Recent Western engagement in the Middle East tells part of the story. The first Gulf War of 1991 saw the US intervene to secure its energy interests by leveraging the UNSC. By the second Gulf War in 2003, the US saw the UNSC as an impediment. Thereafter, American, French and British interventions in Libya, Syria and elsewhere institutionalised subversion of the UN led multilateral order under the garb of ‘Responsibility to Protect’. State assertiveness was not limited to the politico-military sphere alone. Germany rode out of the global financial crisis with a new zeal for geoeconomic statecraft, raking up huge surpluses often at the expense of EU partners. The German idea of “Gestaltungsmacht” (a shaping power) is predicated not on a principled adherence to liberalism but on the fungibility of economic power. Witness the German willingness to let Greece leave the Eurozone in 2015 (and risk a Eurozone-wide crisis) but unwillingness to write off some of the Greek liability.
BRICS is a child of this era — when liberal democracies subverted multilateralism and the economic order was reduced to serving interests of a few. It was indeed a moment ripe for sovereign reassertion. It should be no surprise then that BRICS puts a premium on Westphalian sovereignty as an organising principle for the international order, and seeks new norms that would make that order more representative. Put differently, the regime-complex around BRICS is built on two principles: that of ‘sovereign preponderance’ and of a ‘democratic equity’.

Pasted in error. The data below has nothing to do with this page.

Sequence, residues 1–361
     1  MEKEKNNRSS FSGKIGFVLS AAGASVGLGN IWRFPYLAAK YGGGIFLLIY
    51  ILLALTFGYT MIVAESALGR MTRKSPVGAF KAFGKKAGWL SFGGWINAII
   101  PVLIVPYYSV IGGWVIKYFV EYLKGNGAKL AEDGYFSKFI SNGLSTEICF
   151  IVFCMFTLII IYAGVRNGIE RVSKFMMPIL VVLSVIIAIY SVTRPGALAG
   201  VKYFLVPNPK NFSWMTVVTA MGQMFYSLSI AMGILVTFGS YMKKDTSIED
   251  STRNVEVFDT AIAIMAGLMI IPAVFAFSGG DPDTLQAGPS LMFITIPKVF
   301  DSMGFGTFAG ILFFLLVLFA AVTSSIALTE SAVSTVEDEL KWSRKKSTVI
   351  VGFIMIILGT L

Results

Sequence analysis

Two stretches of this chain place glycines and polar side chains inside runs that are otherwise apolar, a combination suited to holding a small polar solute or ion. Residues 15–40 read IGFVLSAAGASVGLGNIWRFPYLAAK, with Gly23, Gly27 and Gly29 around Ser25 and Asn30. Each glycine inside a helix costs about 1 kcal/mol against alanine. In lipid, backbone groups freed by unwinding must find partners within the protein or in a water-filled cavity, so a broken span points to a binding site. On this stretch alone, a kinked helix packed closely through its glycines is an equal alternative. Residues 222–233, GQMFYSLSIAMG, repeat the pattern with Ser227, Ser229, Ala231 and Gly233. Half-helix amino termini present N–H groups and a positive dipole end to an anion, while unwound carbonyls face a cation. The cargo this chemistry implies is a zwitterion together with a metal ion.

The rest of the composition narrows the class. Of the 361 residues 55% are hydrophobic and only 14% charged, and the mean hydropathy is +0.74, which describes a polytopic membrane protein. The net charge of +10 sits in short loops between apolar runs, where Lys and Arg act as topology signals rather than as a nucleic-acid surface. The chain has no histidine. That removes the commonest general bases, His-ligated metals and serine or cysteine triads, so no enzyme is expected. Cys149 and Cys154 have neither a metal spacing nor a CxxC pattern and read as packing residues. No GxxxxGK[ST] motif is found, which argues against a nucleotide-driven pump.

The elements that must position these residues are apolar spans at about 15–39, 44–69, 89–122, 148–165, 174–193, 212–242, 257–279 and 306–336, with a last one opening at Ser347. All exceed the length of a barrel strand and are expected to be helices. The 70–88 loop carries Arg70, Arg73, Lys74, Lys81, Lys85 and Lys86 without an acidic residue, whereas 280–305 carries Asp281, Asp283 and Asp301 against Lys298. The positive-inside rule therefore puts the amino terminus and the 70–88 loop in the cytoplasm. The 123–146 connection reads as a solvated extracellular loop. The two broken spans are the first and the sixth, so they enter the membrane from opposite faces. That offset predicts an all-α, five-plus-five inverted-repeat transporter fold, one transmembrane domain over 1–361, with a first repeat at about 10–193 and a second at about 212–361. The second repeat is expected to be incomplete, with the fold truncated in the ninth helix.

The principle of sovereign preponderance holds the state is paramount, independent and inviolable, and inter-state cooperation is possible where trade-offs between autonomy and cooperation result in greater ‘state’ agency. Indeed it is this principle that allows China and Russia to come together in a forum with three democracies. For each of them, the ideology of global capitalism is not an end in itself, but only a means to meet developmental objectives of the state. Their objections to interventions in regions that are outside their own core interests and neighbourhoods must also be seen in this light.